The Making of "China" Through History: Li Zhi 李贄 (1527-1602) and the Shigang pingyao 史綱評要 (1613) in the Context of Late Ming Historiography

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Dokumentart: PhDThesis
Date: 2025-02-17
Language: English
Faculty: 5 Philosophische Fakultät
Department: Asien- und Orientwissenschaften
Advisor: Mittag, Achim (Prof. Dr.)
Day of Oral Examination: 2023-02-17
DDC Classifikation: 090 - Manuscripts and rare books
100 - Philosophy
320 - Political science
400 - Language and Linguistics
490 - Other languages
900 - History
950 - History of Asia; Far East
Keywords: China , Mingdynastie , Geschichtsschreibung , Geschichte , History , Chronik , Weltchronik , Li, Zhi , Wang, Zhongmin , Kulturrevolution , Kritik , Legalismus , Konfuzianismus , Diskurs , Debatte , Moral , Philosophie , Chinesisch , Blockdruck , Qin , The @first emperor , Kaiser , Kommentar , Anmerkung , Annotation , Ikonoklasmus , Nationalismus , Nationenbildung , Identität , Selbstverständnis , Nation , Nationale Einheit , Einheit , Land , Bewusstsein , Wang, Yangming , Taizhou
Other Keywords: Geschichtschronik, Weltchronik, Ikonoklasmus, biannianti, gangmuti
world chronicle
Li Zhi
Wang Zhongmin
Wang Yangming
Discourse that holds to the norm (of what is right and wrong)
right and wrong
Legitimate Line of Succession
historical criticism
Qin Shihuangdi
Shigang yaoling
outline and detail
Zizhi tongjian
Zizhi tongjian gangmu
Yao Shunmu
Annalistic style
Ming dynasty
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Diese Dissertation ist bis zum 17. Februar 2025 gesperrt.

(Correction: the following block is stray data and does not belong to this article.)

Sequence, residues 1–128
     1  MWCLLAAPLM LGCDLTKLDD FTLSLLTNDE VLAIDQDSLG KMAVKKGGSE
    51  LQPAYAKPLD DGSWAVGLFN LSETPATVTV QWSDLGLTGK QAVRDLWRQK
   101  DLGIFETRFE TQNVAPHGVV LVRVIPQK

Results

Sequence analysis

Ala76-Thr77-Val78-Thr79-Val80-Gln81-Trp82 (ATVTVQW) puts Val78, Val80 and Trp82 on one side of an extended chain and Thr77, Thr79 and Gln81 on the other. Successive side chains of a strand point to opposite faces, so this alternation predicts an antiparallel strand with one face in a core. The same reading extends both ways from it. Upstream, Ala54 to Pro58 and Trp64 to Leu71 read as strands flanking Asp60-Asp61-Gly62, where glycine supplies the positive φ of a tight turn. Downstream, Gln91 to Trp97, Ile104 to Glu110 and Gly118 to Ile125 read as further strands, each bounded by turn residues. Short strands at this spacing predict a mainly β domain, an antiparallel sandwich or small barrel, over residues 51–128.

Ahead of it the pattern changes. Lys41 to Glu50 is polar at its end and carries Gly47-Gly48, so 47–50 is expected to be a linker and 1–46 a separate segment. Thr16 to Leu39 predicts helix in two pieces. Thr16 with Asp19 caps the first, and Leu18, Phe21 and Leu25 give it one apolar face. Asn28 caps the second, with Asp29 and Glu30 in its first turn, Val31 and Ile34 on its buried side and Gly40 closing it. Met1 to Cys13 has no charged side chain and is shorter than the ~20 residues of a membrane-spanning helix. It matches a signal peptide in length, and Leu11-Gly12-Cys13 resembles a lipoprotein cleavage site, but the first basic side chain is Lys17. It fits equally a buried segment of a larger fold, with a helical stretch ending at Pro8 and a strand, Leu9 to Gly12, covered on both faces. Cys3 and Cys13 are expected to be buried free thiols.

This dissertation examines the late Ming world chronicle Shigang pingyao 史綱評要 (Critical Annotation of the Essentials of the Outline of History, 1613) within the context of contemporary historiography. Attributed to the nonconformist thinker Li Zhi 李贄 (1527-1602), the writing provides a concise account of Chinese history, spanning from its earliest origins to the end of the Yuan dynasty (AD 1368). The text is enriched with explanations and commentaries inserted in the top margins, between the text columns, and after paragraphs. The Shigang pingyao was lost during the Qing dynasty (1644-1911) until the 1960’s when a privately owned copy surfaced and was donated to the History Museum of Quanzhou 泉州. Based on this exemplar, a modern edition was published in 1974, at the peak of the “Criticize Lin Biao, Criticize Confucius” (pi Lin pi Kong 批林批孔) campaign. Despite the publisher’s claims that the Shigang pingyao was authored by Li Zhi, who was hailed as an “anti-Confucian hero” (fankong yingxiong 反孔英雄), doubts about Li’s authorship persisted from the outset of the chronicle’s rediscovery. Historian Wang Zhongmin王重民 (1903-1975) strongly opposed the Gang of Four’s (Sirenbang 四人幫) efforts to authenticate the book as a genuine work of Li Zhi. Thus, Wang faced reprisals from the Red Guards and ultimately committed suicide. Since then, the authorship question remains unresolved. The Shigang pingyao serves as a paragon for a book representing major historiographical trends of the late Ming period. As part of the flourishing shiping 史評 (historical criticism) literature, the writing garnered attention due to its unconventional content, including alleged praise of the first emperor Qin Shihuangdi 秦始皇帝 (r. 247-210 BC) and Legalist policies, alongside vigorous criticism of Neo-Confucianism and its proponents. Li Zhi’s books were banned in 1602 and again in 1625. During the Cultural Revolution, Li and the writing were instrumentalized for propagandistic purposes. Research on the Shigang pingyao has been scarce to date. The writing remains relatively unnoticed by Western scholars. Although this thesis explores the authorship issue, the focus of the study is directed toward the Shigang pingyao as a specific Chinese paradigm of conceiving the world as a historical entity, as a historical work that is organized as a histoire événementielle, yet pays also attention to long-term structures and institutions. The Shigang pingyao is juxtaposed to other surviving world chronicles from the late Ming period (c. 1580-1650) and is discussed as part and parcel of the historical discourse which had evolved over the second half of the Ming dynasty. This dissertation unravels the Shigang pingyao as a product of significant Ming historiographical trends. These developments were the thriving of “comprehensive histories” (tongshi 通 史) and “unofficial historiography” (yeshi野史), the disputes on the Legitimate Line of Succession (zhengtong 正統), and the culmination of “historical criticism” as components of a larger debate, the so-called “discourse that holds to the general norm (of what is right and wrong)” (gonglun 公論), with its discussions about the Confucian moral notion of what is “right and wrong” (shifei 是非). This thesis investigates the significance of the Shigang pingyao and other Chinese world chronicles following the “outline and detail” (gangmu 綱目)-format in the development of what scholars have aptly termed “proto-nationalism” (see Tillman 1979). It explores the writings’ contributions to the formation of a ‘national’ historical consciousness. Additionally, this dissertation provides first English translations of selected passages from the Shigang pingyao. In the course of the research, the work critically analyzes the content and structural composition of the Shigang pingyao in the context of the late Ming period. It delves into the intriguing connection between the book’s text and commentaries with the renowned scholar and philosopher Li Zhi. Furthermore, this study thoroughly uncovers how the Shigang pingyao serves as a conduit for expressing its author’s profound philosophical insights, shedding new light on the intellectual landscape of late Ming China.

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